Disentangling trophic interactions inside a Caribbean marine reserve

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Kellner, Julie B.
Litvin, Steven Y.
Hastings, Alan
Micheli, Fiorenza
Mumby, Peter J.
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Coral reef
Ecosystem-based management
Exuma Cays Land and Sea Park
Fishing pressure
Generalist predator
Marine protected areas
Nassau grouper (Epinephelus striatus)
Stoplight parrotfish (Sparisoma viride)
Trophic cascades
Yellowtail snapper (Ocyurus chrysurus)
Recent empirical studies have demonstrated that human activities such as fishing can strongly affect the natural capital and services provided by tropical seascapes. However, policies to mitigate anthropogenic impacts can also alter food web structure and interactions, regardless of whether the regulations are aimed at single or multiple species, with possible unexpected consequences for the ecosystems and their associated services. Complex community response to management interventions have been highlighted in the Caribbean, where, contrary to predictions from linear food chain models, a reduction in fishing intensity through the establishment of a marine reserve has led to greater biomass of herbivorous fish inside the reserve, despite an increased abundance of large predatory piscivores. This positive multi-trophic response, where both predators and prey benefit from protection, highlights the need to take an integrated approach that considers how numerous factors control species coexistence in both fished and unfished systems. In order to understand these complex relationships, we developed a general model to examine the trade-offs between fishing pressure and trophic control on reef fish communities, including an exploration of top-down and bottom-up effects. We then validated the general model predictions by parameterizing the model for a reef system in the Bahamas in order to tease apart the wide range of species responses to reserves in the Caribbean. Combining the development of general theory and site-specific models parameterized with field data reveals the underlying driving forces in these communities and enables us to make better predictions about possible population and community responses to different management schemes.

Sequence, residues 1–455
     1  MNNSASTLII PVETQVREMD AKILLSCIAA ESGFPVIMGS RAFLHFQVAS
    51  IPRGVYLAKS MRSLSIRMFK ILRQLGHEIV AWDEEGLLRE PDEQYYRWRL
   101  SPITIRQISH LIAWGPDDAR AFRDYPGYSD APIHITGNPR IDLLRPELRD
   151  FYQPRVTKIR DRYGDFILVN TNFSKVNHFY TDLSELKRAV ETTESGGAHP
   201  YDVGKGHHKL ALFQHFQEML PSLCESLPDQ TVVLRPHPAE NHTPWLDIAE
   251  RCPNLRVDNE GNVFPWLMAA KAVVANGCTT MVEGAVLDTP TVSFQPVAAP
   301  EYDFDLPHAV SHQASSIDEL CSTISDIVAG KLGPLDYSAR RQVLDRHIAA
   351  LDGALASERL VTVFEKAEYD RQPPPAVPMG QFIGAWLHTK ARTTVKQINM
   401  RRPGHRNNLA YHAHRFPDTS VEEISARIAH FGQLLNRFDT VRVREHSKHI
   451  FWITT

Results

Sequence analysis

Author Posting. © Ecological Society of America, 2010. This article is posted here by permission of Ecological Society of America for personal use, not for redistribution. The definitive version was published in Ecological Applications 20 (2010): 1979–1992, doi:10.1890/09-1217.1.
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Ecological Applications 20 (2010): 1979–1992
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